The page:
“Our current agricultural model is exhausted. We must change course,” said Olivier de Schutter, the UN special rapporteur on the right to food, as he leaves his post after six years and two terms. He is being succeeded by the Turkish academic Hilal Elver, a specialist in environmental issues.
Olivier de Schutter called into question the current standards of agriculture based on intensive farming – in other words, the use of fertilizers and synthetic pesticides. He also leveled the criticism that further industrialization will undermine small farmers. Interviewed by the French periodical La Terre in 2008, when he first took office, Olivier de Schutter was already warning against the need to constantly increase yields to keep prices low, a “low cost” approach to agriculture which limits the income of small farmers. A new way to feed the world’s ever-increasing population must be found. The former rapporteur does not have much faith in official responses: “I no longer think we should wait for governments to act on their own. Obstructions are too numerous, pressures too real and those actors impeding change too powerful” – he said in an interview with the newspaper Le Monde.
He also strongly condemned the World Trade Organization: “The WTO continues to defend an outdated system based on the division of labor and distribution of agricultural products,” he lamented. Trade liberalization has weakened developing countries. Products are imported at a very low cost which local producers cannot match. “Of all the international agencies concerned with agriculture and food, the WTO is the only one which has not awakened to the recognition of the need for each country to ensure food production,” bemoans Olivier de Schutter.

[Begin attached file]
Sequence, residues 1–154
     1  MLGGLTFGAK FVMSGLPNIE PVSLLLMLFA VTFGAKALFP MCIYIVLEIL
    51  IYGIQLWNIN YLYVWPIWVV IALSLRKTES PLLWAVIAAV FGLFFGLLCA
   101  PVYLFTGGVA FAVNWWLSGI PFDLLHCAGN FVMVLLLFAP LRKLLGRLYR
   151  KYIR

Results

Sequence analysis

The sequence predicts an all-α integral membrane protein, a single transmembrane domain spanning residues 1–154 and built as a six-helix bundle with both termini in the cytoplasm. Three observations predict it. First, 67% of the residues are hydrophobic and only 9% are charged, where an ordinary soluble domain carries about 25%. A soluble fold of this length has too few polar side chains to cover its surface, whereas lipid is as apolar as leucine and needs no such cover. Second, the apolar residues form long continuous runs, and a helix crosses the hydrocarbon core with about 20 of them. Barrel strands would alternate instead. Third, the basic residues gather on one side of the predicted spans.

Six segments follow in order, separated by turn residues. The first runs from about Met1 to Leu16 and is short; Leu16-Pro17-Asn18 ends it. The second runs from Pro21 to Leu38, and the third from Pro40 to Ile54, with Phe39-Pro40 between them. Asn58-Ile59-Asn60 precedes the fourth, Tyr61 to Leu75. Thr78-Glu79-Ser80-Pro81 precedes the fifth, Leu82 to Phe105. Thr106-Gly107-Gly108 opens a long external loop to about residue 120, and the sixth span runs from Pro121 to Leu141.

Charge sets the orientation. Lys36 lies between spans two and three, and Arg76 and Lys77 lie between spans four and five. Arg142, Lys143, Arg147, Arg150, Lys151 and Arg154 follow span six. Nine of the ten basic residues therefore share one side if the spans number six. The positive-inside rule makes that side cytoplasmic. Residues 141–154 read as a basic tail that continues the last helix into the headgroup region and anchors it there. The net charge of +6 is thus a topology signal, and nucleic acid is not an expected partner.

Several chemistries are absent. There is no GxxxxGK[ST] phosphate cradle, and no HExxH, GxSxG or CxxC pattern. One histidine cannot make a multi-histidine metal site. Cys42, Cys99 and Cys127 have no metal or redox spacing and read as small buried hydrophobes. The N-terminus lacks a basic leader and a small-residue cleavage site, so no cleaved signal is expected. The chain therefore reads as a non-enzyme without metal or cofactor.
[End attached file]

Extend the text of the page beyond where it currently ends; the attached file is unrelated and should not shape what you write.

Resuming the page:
However, he is not completely fatalistic. To him, the development of local initiatives can make a difference: “Citizens are tired of being treated as mere consumers,” he explains, “they are trying to invent more responsible ways of production and consumption.”
More from Olivier de Shutter’s final report:
“It may cost Governments slightly more to source from a range of smaller-scale, sustainable operators than from major suppliers, but the investment is worth it. It will not only have positive outcomes in terms of health and education, but will also help promote a viable and sustainable small-scale farming sector,” noted the UN expert. Data on UK school feeding programs suggests a return of 3-to-1 for additional spending on sustainable and local procurement. Another study estimates that the total benefits of supplying 50 million African school children with locally produced food could reach around $1.6 billion per year.
The UN expert also welcomed recent progress in developing countries such as Brazil, where price premiums to organic suppliers have been put in place, and 30% of the school feeding budget has been reserved for sourcing from family farms. Meanwhile, municipal and state governments, schools, producers, companies, parents and students have been brought into the design of school meals that now cover nearly 50 million children.
“Reliable demand at fair prices could provide a lifeline to the small-scale farmers in developing countries struggling to compete against transnational food producers, processors, traders and marketers. The full transformative potential of state purchasing must be exploited to drive a genuine transition to pro-poor food and farming models,” concluded De Schutter.
(*) Read the report The Power of Procurement: Public Purchasing in the Service of Realizing the Right to Food. This report is the final publication by Olivier De Schutter as UN Special Rapporteur on the right to food. His final official report to the UN Human Rights Council (March 2014) on transforming food systems can be found here.
Reposted from l’Humanité in English with additional text from the UN website.
Original French article: Le bilan amer du modèle agricole mondial, translated by Meghan O’Shea
Photo: Wheat field.